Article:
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Psychological Injury - Claims Inflation

Posted 05 January 2015 by Donna Scully

Almost every claimant injured in a road accident suffers some sort of orthopaedic injury. Some suffer from psychological symptoms too.

Claimant representatives and insurers agree that psychological injuries can be debilitating, and in many cases will have a more profound impact than the physical injury. Psychological injuries, like any other, benefit from earlier intervention and treatment. The sooner the problem is identified, the less likely that symptoms will become chronic. Early intervention for genuine claimants should be encouraged to ensure that the claimant recovers, and to assist the insurer in securing the best outcome.

At the same time insurers have concerns that some organisations are using psychological claims as a means of generating income, rather than providing treatment and evidence required by the claimant. I have anecdotally heard that they have seen a 50% hike in claims for psychological treatment post LASPO from certain companies.

No reputable law firm would ever encourage treatment for psychological injury, or obtain a medical report from a psychologist or psychiatrist, unless it was both required and in the claimant’s best interests. We should be careful however to guard against the activity of unscrupulous organisations that seek to exploit psychological injury claims in order to profit from unnecessary report and treatment fees.

The ABI have said they are concerned specifically that solicitors are using psychological injury claims to recover some of the costs income lost over the last 12 months. I understand evidence of this has been passed to the Transport Select Committee (TSC) and they will report on the matter shortly.

Any solicitor that receives a commission from a medical agency in respect of an injury referral is in breach of the referral fee ban under LASPO, and the SRA should take action immediately. The MOJ are looking at the “ownership” of medical agencies and whether the agency should do “their own” personal injury work” as they believe there is scope for conflict and abuse if they do So the questions the MOJ are looking at is where a solicitor/ABS has a financial interest in medical or rehab provider, is there a conflict of interest and should this be stopped? The MOJ have no problem with the medical provider doing “other work” just not that which they have a financial interest in. The MOJ recently consulted on this point and others and we await their findings.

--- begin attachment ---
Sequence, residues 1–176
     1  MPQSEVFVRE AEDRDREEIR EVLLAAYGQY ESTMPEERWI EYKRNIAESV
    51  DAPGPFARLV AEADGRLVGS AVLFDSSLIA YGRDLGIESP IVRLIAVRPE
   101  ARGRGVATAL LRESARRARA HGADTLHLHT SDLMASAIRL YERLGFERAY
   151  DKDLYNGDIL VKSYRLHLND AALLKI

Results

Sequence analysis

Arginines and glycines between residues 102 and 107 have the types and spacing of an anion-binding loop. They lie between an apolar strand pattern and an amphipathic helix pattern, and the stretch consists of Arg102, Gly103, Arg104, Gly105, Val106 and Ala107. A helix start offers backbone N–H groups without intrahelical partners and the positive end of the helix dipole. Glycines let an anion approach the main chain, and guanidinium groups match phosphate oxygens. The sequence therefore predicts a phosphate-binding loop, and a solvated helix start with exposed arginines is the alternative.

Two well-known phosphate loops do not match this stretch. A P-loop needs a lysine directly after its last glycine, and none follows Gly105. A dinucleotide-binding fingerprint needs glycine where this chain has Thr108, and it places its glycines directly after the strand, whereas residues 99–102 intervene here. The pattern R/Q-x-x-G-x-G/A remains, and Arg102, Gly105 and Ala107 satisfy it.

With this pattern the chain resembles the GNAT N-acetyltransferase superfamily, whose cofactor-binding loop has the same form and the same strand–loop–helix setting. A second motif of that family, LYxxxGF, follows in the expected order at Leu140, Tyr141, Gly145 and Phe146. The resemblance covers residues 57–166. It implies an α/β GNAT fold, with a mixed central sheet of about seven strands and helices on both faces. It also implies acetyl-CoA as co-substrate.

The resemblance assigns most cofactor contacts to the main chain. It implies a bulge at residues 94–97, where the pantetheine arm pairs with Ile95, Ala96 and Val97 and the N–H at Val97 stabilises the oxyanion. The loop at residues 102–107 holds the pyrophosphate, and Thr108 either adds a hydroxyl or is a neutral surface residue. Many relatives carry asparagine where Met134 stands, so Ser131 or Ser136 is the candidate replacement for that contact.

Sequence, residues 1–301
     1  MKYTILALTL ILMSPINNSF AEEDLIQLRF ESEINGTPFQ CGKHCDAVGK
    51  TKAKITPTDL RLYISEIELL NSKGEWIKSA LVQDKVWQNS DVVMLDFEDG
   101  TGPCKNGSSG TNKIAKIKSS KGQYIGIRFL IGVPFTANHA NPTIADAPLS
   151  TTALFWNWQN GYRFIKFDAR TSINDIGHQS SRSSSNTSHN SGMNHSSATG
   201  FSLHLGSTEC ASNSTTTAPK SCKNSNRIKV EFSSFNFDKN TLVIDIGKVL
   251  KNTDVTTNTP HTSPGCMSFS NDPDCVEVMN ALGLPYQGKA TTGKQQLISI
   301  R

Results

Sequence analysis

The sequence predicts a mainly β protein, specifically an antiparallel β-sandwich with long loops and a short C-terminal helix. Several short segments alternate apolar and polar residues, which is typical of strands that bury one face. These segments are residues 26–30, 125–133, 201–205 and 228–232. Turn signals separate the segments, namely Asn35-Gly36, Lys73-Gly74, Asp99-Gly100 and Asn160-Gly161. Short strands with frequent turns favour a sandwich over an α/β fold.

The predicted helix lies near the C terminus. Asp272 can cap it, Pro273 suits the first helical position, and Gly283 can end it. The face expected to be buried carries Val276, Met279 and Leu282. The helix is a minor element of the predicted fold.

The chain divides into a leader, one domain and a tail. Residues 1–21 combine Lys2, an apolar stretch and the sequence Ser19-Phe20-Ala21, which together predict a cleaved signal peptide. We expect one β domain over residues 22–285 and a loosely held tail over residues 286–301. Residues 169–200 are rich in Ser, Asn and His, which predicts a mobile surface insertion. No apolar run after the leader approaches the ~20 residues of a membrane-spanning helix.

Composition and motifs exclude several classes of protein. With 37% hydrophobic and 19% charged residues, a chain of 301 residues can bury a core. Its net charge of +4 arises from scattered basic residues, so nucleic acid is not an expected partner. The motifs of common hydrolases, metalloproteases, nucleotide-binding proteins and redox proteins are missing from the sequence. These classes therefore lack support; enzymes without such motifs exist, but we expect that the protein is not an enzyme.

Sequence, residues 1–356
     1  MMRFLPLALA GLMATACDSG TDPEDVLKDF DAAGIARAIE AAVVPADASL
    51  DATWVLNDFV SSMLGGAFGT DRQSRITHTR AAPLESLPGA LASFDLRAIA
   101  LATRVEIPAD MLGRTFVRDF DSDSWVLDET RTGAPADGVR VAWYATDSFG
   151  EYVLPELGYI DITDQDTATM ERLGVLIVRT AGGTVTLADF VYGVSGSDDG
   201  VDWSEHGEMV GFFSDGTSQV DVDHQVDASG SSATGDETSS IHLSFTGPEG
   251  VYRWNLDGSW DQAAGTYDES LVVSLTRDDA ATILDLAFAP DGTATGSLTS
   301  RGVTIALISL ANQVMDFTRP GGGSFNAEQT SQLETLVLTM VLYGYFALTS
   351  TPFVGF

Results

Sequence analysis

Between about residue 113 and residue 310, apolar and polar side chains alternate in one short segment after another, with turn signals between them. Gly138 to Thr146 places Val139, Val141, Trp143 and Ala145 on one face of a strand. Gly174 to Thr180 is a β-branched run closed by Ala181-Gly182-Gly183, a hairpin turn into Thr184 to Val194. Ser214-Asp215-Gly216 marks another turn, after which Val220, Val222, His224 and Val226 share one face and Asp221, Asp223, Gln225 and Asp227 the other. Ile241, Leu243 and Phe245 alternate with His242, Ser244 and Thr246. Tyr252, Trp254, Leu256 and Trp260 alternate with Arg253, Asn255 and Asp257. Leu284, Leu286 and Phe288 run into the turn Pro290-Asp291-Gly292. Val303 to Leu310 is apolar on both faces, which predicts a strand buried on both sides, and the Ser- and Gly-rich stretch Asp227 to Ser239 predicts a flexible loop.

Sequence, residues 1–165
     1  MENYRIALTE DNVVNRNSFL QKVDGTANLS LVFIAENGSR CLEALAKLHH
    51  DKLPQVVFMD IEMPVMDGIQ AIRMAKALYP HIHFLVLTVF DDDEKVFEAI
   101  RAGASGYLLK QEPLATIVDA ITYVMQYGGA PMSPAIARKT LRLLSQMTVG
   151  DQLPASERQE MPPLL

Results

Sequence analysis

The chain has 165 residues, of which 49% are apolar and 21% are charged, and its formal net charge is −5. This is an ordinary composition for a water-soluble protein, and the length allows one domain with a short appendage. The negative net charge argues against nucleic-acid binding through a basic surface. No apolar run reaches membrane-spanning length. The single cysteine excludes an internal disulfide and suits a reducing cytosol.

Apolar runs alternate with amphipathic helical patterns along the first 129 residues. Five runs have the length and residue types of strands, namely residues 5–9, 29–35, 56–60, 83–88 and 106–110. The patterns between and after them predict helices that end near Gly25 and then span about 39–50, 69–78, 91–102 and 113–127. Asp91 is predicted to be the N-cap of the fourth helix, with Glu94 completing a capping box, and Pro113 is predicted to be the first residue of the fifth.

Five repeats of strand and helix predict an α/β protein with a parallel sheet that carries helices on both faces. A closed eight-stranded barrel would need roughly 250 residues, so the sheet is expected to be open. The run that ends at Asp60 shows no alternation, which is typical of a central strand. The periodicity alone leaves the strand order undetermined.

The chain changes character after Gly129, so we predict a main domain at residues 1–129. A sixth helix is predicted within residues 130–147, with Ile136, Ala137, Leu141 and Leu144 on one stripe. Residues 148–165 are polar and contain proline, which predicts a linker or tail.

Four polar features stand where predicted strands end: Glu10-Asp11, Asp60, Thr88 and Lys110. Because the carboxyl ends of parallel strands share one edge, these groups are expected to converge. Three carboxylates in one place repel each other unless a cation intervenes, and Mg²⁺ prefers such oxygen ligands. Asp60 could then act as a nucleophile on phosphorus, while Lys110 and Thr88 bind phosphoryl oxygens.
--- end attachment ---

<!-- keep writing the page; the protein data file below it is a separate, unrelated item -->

The introduction of independent medical panels and accreditation etc. is likely to help ensure that lawyers can no longer benefit financially from relationships with medical agencies.

The ABI accepts that the abuse of psychological injury claims is limited to a small (but significant) number of providers, and we should remember that the vast majority of claimant representatives are reputable, and the vast majority of claimants are genuine. They have provided details of the “abuse” their members are experiencing so let’s hope the TSC are effective in stamping out this bad practise ASAP. We have seen a lot of reform in our market and the last thing we want is to see people abusing that reform and trying to find loopholes to make more money which is not in the client’s best interests.

Insurers, medical agencies and reputable law firms should work together to ensure that genuine claimants receive the treatment and compensation that they deserve, and that any unscrupulous behaviour is identified and stamped out.

© 2018 Carpenters. All rights reserved.
Directors: John Carpenter, Donna Scully

Carpenters is authorised and regulated by the Solicitors Regulation Authority under number 625845 www.sra.org.uk
and is authorised and regulated by the Financial Conduct Authority under number 755996 www.fca.org.uk

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